Yep, that's why tack cloths were invented... :-)

I've had *very* good results using microfiber cloths. I bought a couple of small ones at AutoZone for about five bucks. You can also get microfiber fabric by the yard at some fabric stores, and lately they're available as dishcloths too. No need to apply anything at all to them, just wipe them across the wood. It's astonishing how much dust a microfiber cloth will pick up from a board that you would have sworn was clean -- even after vacuuming and blowing off with compressed air, there still remains a *lot* of dust that a microfiber cloth will pick up.
I don't use anything else now.
--
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Doug Miller (alphageek at milmac dot com)
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Doug Miller wrote:

That sounds interesting.
Which finishes have you used since the switch?
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Shellac, and two different brands of wipe-on poly. Results are much smoother, with far less sanding between coats, and with lighter grits besides.
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Doug Miller (alphageek at milmac dot com)
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Doug Miller wrote:

Water or oil poly?
Cleaning supply houses have packages of yellow microfiber dust cloths, the size of double roll paper towel packages, for under $7. I love how well they work on the car and so want them to work in the shop. <G>
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Oil; sorry, should've thought to specify that.

Give it a try. If my experience is any indication, you'll be pleased. They're pretty good for cleaning up in the kitchen, too.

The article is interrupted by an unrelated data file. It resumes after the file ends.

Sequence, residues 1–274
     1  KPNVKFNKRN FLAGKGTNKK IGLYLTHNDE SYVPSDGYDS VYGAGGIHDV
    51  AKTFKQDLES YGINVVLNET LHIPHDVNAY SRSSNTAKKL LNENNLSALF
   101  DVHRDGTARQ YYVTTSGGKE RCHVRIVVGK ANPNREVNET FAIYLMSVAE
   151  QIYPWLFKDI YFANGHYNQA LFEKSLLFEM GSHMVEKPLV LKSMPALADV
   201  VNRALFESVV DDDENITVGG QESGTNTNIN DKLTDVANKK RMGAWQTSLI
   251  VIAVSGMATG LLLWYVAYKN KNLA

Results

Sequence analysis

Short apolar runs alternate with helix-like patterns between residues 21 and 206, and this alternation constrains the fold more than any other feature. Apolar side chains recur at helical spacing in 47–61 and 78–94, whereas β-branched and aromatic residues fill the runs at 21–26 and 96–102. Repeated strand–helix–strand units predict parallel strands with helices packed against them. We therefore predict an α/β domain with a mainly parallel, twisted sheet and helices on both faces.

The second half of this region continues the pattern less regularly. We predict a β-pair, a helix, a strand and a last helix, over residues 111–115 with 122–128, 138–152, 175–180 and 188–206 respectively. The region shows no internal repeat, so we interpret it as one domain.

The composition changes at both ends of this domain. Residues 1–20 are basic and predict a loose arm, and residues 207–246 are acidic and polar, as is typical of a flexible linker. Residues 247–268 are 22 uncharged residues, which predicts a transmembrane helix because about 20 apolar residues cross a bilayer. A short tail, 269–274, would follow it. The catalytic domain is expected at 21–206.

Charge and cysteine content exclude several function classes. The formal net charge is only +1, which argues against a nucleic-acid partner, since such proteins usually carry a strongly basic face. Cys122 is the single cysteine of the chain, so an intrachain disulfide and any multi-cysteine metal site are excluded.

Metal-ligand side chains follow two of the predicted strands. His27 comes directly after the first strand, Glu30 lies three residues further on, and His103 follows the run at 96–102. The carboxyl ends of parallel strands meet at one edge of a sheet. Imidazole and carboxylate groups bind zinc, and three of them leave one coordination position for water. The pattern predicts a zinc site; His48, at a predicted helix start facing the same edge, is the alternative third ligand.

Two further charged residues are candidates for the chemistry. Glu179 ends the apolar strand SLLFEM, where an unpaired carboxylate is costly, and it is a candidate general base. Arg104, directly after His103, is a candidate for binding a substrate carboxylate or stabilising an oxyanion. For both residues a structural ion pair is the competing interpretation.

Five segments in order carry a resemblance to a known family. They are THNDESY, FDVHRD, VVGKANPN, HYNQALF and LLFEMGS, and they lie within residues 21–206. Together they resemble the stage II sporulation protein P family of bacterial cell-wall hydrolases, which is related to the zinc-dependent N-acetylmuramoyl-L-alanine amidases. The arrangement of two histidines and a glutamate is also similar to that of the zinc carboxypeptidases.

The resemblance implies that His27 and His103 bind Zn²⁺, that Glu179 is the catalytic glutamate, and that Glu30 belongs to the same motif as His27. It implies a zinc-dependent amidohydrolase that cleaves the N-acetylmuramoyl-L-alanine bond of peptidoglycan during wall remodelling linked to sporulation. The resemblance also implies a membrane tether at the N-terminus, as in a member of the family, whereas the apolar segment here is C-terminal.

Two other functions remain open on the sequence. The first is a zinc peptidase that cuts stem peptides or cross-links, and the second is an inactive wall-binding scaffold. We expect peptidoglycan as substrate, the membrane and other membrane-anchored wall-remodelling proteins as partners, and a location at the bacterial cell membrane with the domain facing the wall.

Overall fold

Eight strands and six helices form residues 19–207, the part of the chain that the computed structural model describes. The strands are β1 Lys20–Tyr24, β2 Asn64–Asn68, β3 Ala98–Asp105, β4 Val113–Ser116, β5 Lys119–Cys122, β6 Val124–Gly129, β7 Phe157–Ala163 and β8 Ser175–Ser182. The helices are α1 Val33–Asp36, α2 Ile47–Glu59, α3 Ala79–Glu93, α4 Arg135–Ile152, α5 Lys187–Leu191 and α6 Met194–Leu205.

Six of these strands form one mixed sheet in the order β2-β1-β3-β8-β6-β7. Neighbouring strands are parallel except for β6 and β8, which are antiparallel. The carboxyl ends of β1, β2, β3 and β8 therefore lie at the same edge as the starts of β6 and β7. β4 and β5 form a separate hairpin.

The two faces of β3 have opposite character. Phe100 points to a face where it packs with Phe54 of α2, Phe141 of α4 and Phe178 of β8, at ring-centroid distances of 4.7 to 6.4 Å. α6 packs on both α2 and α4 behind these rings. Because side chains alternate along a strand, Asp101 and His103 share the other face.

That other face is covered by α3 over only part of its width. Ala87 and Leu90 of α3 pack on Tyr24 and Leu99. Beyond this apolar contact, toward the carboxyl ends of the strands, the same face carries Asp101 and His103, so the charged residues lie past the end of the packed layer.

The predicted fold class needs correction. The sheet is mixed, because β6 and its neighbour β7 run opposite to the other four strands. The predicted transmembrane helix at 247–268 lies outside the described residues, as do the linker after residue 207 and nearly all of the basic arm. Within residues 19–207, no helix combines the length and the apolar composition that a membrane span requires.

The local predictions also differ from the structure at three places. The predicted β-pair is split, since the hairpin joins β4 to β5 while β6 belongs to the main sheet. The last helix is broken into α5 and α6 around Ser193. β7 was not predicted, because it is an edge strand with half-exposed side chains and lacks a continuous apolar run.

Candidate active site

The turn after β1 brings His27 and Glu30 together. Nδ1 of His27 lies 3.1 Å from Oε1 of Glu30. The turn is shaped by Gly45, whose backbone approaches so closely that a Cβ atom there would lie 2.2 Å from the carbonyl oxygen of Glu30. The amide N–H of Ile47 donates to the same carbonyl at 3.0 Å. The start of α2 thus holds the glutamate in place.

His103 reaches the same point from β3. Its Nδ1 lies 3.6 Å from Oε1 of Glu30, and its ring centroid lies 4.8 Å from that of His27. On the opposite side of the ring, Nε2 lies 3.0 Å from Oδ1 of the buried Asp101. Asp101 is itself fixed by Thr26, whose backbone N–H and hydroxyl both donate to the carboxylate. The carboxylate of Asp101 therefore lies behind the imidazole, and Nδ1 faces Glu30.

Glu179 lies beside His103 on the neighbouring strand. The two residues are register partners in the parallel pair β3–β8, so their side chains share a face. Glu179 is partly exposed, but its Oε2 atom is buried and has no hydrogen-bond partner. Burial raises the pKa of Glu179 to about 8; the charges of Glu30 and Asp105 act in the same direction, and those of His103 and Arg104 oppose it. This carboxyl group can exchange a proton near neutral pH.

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Doug Miller (alphageek at milmac dot com)
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Can you just throw them in the washer once they've been used a little while, or is there some other way to clean/recharge them? Do they actually rely on some kind of electrostatic principle to pick up dust, or is just a physical property of the fibers that captures a lot of dust? Thanks, Andy
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I just rinse them by hand in the sink, wring them out, and hang them up to dry.

Physical property of the fibers. They're very, very fine (whence the name "microfiber") and thus the surface area of the cloth is much greater, so it can hold a lot more dust.
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Doug Miller (alphageek at milmac dot com)
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On Jan 24, 4:05 pm, snipped-for-privacy@milmac.com (Doug Miller) wrote:

Thanks Doug (and others)! Maybe I'll have to try one of those - I think there's one collecting dust (pardon the pun) under our sink right now - LOML prefers the disposable swiffer pads. Andy
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(Doug Miller) wrote:

For best results micro fiber towels should be washed and dried by them selves and or with items that do not produce lint. Additionally you should not use anti static sheets in the dryer when drying micro fiber towels.
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Doug Miller wrote:

This weekend, I'm going to try some birch ply test panels with sprayed Ultrastar, Ultrastar sanding sealer, and Sealcoat using the yellow janitorial supply cloths I have.
I plan on three panels. One with 3 coats of Ultrastar, one with one coat of US SS and two top coats, and the last with Sealcoat and two coats of Ultrastar. I'll use the dust cloths for initial pickup and cleaning the scuff waste off.
I'll post results next week. <G>
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Seems ironic that a product that is used to prep a surface for paint or varnish would interfere with the application of that product.

I don't think so.
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great tips. thanks